As for the other reviewers anxieties concerning Karl Marx, their fears are completely unfounded.
8 of 13 people found the following review helpful
Brilliant but virtually unreadable Oct. 28 2003
By A Customer - Published on Amazon.com
Format: Paperback
Boyle's ideas are fantastic and his analysis is poignant and timely. Be forewarned, however, that the average sentence length in this book is so long that you will get lost multiple times per page. Add in an average of 0.4 cryptic references to ancient literature per page and a healthy dose of words that will send even Duke law students running for the dictionary and you have a very tough task in front of you.
If you want to learn from Boyle, take his IP class, don't try to read the book. His IP class is fabulous. But beware that he will ask you read this book (I hear even his torts students had to read it) and it will be a terrible experience. You will need to be able to come up with at least one idea from it to toss into your exam answers, as he generally writes at least one question that starts with "Using one or more concepts from Shamans..." The dreadful 27 hour take home exam period is not the time to pick the book up for the first time.
5 of 9 people found the following review helpful
Good points lost in poor writing April 9 2001
By A Customer - Published on Amazon.com
Format: Paperback
Boyle raises several interesting points regarding information law and he does bring a different way of deciphering the intricacies of copyright and information law. However, many times his arguments are lost in his use of analogies, references, and words which even an attorney can not understand. In other parts of his book, he provides little explanation of the economic theories which have been used by previous scholars to defend the current status of information law. This leaves the reader confused unless the reader is an economist by training. Although I agree with Boyle's view of information law as being bigger than it has previously been defined, I think his archaic style of writing leaves the reader more frustrated than enlightened. I recommend having Black's Law Dictionary and Webster's handy if you are going to read this book.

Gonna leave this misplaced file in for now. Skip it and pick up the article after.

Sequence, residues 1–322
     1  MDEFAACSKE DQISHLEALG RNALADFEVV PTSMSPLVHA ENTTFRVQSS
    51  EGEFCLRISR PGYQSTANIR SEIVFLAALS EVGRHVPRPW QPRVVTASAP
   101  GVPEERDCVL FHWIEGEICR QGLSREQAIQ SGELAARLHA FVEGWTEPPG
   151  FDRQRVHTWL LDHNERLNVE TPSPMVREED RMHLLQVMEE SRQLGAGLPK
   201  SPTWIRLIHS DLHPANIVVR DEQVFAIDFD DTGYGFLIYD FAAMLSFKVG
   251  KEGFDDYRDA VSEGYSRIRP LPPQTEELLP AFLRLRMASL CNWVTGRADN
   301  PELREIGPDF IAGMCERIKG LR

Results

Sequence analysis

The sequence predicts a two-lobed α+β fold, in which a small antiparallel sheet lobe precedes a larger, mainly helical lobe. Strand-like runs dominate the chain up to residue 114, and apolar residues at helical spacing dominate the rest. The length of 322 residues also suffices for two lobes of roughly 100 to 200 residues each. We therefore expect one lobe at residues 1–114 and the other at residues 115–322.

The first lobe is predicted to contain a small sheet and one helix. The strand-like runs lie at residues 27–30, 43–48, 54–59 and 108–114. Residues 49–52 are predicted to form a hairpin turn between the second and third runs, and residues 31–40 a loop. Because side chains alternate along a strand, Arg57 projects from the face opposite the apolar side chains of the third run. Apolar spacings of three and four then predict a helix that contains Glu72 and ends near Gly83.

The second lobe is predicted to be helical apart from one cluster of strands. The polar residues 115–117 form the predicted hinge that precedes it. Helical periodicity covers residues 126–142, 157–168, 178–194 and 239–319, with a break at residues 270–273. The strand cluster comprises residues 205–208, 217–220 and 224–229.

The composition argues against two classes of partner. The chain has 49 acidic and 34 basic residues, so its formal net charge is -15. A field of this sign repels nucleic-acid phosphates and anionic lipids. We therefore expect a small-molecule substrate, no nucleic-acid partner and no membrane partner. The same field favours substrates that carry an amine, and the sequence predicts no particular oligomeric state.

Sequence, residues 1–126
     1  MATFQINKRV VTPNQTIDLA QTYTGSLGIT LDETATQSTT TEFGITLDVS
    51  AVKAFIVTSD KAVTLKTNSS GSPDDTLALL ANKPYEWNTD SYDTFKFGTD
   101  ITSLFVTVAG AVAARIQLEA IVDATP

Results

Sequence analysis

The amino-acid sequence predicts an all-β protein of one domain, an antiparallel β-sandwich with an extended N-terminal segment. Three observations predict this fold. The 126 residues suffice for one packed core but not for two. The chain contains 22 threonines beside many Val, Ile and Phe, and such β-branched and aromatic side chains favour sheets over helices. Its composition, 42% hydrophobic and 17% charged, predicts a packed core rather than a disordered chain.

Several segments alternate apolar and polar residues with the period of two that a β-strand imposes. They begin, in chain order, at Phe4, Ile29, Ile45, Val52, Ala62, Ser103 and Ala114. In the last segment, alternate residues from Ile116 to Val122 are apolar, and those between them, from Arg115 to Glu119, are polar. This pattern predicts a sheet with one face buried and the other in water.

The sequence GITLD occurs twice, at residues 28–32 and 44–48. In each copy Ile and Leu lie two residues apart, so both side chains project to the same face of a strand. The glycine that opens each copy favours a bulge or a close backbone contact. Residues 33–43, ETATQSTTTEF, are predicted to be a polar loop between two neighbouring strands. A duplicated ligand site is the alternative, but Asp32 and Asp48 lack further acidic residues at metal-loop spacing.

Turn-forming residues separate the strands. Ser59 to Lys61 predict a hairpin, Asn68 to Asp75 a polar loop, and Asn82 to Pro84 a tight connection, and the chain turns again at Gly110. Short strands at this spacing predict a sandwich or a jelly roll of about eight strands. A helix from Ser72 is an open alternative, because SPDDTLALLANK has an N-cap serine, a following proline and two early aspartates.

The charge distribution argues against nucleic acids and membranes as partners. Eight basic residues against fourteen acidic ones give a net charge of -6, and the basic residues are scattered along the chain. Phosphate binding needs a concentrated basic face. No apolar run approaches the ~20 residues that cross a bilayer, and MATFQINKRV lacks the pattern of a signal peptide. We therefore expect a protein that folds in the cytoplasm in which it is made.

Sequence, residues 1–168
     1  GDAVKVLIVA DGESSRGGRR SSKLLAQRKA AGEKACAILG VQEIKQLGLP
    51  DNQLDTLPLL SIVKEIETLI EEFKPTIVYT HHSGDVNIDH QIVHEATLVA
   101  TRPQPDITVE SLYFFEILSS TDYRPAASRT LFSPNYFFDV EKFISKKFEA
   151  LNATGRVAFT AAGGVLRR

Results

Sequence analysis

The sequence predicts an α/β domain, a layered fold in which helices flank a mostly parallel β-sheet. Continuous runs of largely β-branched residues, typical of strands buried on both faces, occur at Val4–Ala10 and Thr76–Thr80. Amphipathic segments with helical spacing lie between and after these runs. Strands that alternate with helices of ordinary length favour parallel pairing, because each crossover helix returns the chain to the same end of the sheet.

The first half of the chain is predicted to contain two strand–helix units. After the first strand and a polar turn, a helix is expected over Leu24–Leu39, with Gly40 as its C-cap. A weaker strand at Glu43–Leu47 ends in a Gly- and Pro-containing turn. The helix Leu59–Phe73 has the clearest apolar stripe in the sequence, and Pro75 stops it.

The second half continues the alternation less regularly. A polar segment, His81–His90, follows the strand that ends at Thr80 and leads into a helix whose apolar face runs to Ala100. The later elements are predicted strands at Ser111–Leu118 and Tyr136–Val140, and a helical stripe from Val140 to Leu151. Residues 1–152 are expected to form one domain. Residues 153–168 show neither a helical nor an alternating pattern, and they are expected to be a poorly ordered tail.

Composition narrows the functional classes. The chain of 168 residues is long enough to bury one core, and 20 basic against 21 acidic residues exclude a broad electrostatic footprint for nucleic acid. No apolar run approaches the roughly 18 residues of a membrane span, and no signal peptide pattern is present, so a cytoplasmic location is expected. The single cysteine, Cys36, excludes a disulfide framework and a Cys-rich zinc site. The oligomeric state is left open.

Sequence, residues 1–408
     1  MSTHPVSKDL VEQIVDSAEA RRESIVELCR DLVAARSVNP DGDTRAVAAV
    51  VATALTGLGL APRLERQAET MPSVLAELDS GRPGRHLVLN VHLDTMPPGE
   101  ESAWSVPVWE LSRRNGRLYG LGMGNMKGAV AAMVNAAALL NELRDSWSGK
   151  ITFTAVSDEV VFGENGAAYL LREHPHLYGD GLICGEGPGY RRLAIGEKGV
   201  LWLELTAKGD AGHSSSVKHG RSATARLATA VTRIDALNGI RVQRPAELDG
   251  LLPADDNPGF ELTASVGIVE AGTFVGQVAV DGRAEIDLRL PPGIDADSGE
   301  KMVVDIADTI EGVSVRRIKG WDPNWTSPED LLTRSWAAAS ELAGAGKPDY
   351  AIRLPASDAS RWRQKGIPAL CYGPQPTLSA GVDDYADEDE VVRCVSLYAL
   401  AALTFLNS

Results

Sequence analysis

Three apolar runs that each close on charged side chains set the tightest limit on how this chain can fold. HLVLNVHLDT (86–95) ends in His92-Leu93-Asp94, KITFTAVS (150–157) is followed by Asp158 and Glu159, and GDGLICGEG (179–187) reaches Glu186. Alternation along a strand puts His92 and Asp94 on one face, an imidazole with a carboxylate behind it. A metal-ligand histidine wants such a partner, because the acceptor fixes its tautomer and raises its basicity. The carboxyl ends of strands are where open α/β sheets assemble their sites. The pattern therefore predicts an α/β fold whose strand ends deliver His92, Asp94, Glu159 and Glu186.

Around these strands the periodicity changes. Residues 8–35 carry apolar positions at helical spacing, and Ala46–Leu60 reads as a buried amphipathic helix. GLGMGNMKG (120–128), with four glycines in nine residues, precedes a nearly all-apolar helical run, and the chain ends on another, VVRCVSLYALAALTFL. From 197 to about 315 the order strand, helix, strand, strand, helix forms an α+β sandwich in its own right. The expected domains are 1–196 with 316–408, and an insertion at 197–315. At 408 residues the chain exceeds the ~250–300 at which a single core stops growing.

4 of 8 people found the following review helpful
A brilliant analysis of law, information and the market. Dec 14 1997
By A Customer - Published on Amazon.com
Format: Paperback
I have both just finished Boyle's book and his Torts class at Washington College of Law. Boyle's analysis is strikingly clear. Taking as one of his launching-off points the important California Supreme Court decision in Moore V. Regents of California, Boyle tackles issues ranging from the commodification and distribution of information to the creation of legally protected property interests in biology. He exposes that courts make decisions based not so much on ahistorical, immutable legal principles but on policy considerations often directly related to contemporary trends in economic thinking. Boyle, despite several references to Marx, is a defender of a uniquely American kind of privatized safety regime in the form of the tort system. This has confused careless readers as evidenced by Huber in the pages of the NYT.